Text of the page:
Seventy and Counting – Championing a Regenerative Future

13th Sep, 2021

The GDS-Movement celebrates the joining of its seventieth destination committed to a regenerative future.

Paris joins Washington, Lima, Berlin, Prague, Zurich, Oslo, Stockholm, Helsinki, Bangkok and other global capitals committed to measuring and improving on its sustainability strategy year on year using the GDS-Index.

The GDS-Index was inspired by the International Congress and Convention Association (ICCA) Scandinavian chapter and MCI in 2012 when fifteen pioneering cities created and launched the Scandinavian Destination Sustainability Index. In 2015 the project evolved into a collaborative partnership between ICCA, IMEX Exhibitions, European Cities Marketing and MCI Group, and the GDS-Index was born. By 2019, 50 destinations were benchmarking, and that has increased through the COVID-19 period to 70 participating Destination Management Organisations (DMOs) and Convention & Visitors Bureaux (CVBs), with more growth projected not only in Europe but particularly in the Americas and Asia Pacific.

Over the years the DMOs that participate in the GDS-Index are showing great results for their efforts. Sustainable destination performance as measured by the GDS-index has increased 14% − before COVID it was 21%. The top ten GDS-Leaders demonstrate a performance increase of 23% − 33% before COVID. Despite an understandable decrease due to the pandemic effects on the supply chain, the annual figures clearly demonstrate how benchmarking combined with a focus on improving strategy, capacity building and inter-city collaboration is enabling DMOs and municipalities to better identify sustainability challenges and opportunities, and act upon them to drive improved performance.

From sustainability to regeneration

Our pioneering 2020 report “the Regenerative Revolution” conducted with IMEX and Marriott, explored and asserted that for the global meetings and events industry to recover and thrive in a future world, we need to rethink, reimagine and redesign a new resilient, inclusive and zero-carbon growth model.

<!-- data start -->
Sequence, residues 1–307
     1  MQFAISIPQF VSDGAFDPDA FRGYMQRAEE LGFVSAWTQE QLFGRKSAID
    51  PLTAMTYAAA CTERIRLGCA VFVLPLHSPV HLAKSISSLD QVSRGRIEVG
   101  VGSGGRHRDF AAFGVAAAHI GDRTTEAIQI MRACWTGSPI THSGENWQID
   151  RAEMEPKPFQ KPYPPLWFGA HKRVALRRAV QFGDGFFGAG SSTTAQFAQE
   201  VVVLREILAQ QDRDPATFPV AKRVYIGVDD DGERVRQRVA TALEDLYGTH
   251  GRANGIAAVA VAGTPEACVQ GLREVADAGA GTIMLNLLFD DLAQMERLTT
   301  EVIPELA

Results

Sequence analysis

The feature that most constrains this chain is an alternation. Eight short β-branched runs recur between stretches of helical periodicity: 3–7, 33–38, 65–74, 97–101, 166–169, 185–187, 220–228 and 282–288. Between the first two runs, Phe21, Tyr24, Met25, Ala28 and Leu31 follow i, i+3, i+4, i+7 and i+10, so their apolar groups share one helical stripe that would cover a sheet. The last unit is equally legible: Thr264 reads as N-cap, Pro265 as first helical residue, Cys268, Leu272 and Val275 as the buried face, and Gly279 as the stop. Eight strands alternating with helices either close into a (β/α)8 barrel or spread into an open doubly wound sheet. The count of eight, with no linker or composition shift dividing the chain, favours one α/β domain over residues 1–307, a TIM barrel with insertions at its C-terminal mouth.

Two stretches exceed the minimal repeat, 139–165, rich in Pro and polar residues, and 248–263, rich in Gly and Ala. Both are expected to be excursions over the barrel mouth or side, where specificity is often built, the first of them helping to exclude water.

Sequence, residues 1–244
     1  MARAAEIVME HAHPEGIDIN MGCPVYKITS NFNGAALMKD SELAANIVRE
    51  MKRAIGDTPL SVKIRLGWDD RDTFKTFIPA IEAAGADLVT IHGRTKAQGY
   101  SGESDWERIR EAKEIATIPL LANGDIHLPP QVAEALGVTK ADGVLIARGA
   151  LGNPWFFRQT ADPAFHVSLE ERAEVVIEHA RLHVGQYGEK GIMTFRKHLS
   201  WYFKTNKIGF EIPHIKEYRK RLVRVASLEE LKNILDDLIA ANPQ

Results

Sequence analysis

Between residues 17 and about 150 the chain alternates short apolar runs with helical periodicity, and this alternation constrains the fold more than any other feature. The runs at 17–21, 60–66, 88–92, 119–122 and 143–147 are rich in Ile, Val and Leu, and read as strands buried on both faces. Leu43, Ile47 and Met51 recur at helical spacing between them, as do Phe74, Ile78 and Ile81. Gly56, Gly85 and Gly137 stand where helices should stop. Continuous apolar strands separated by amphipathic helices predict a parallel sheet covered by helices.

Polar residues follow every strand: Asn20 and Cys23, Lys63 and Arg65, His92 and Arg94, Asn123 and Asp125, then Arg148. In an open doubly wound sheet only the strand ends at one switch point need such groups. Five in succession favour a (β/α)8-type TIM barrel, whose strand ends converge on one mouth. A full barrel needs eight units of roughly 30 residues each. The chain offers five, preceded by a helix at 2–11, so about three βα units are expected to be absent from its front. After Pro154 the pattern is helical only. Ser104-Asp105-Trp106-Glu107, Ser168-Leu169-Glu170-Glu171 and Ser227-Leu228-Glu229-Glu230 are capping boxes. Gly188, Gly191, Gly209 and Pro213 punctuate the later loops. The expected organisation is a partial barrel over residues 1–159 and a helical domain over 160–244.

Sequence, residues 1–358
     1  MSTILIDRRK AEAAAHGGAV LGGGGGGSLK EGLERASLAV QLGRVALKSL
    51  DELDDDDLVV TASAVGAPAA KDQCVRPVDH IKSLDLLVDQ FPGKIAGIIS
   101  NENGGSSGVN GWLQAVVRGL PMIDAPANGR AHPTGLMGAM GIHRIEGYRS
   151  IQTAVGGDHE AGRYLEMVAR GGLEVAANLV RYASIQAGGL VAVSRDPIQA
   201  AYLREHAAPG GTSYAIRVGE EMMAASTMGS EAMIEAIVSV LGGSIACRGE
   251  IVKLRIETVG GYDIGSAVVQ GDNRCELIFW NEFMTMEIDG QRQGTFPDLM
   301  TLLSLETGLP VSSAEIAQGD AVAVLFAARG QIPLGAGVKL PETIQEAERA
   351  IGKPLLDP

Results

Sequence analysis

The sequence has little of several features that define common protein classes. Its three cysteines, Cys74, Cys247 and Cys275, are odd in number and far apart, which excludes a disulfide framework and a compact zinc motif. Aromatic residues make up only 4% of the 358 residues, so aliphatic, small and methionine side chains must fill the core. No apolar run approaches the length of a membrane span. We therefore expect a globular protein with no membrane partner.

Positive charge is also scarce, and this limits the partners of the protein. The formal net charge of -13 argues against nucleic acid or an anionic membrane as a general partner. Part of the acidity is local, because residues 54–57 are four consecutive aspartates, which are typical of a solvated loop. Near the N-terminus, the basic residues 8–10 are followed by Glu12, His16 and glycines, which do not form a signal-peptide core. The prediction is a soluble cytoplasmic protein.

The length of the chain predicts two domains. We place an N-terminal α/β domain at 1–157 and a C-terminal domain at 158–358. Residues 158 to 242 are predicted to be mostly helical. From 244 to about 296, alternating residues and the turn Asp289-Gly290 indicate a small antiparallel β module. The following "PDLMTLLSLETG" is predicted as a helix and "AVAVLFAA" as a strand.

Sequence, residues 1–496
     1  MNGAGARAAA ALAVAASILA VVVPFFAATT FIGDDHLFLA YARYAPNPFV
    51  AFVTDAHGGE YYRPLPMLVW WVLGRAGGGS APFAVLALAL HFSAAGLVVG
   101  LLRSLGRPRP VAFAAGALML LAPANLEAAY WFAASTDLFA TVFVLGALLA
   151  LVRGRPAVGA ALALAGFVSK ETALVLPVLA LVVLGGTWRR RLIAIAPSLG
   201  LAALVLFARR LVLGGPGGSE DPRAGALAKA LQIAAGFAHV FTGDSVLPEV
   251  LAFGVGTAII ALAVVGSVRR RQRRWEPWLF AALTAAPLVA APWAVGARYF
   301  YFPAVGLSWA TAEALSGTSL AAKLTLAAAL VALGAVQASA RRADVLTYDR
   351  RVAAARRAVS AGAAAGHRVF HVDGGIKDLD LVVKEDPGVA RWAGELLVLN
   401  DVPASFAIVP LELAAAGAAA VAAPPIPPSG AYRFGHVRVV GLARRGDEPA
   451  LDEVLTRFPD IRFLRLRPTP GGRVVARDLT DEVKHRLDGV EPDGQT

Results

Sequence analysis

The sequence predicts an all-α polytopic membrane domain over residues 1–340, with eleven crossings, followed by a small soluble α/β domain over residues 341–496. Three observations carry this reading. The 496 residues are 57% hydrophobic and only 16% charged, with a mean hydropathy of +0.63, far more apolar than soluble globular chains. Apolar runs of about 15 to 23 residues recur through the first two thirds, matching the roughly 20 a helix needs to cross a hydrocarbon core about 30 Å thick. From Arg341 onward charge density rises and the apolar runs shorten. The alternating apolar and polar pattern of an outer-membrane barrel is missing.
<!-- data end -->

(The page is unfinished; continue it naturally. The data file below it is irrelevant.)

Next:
This deep cultural and systemic transformation requires a paradigm shift in beliefs, values and business models. We need to move on from a “sustainability” focus of making small incremental improvements, towards a holistic regenerative approach that works to restore and rejuvenate communities and ecosystems rather than degrade or merely sustain conditions.

What is regenerative leadership?

At the GDS-Movement, we have been using the principles of biomimicry to observe nature and to inspire learning about how both associations and DMOs can better design and manage their communities. Here are four of the key insights gained from our Regenerative Destination Management Framework, which will be shared in our forthcoming 2021 GDS-Whitepaper:

1) Mindset: Regenerative leadership is about implementing a change of mindset in your organisation. About moving from a linear to a living system approach, and understanding that everything is interconnected and interdependent. It's about exploring and understanding the relationships and patterns that exist between all the different stakeholders in your unique ecosystem. Then it’s about challenging the status quo, and facilitating a process to rethink the future, redefine purpose, and reimagine growth holistically for the visitor economy. Wonderful Copenhagen are shining examples of regeneration: first with their pioneering strategy to define tourism and events as a catalyst for sustainable urban development, then with their excellent foresight research into the “Future of Congresses”, and now with their Legacy Lab approach to catalysing long term positive impact from congresses.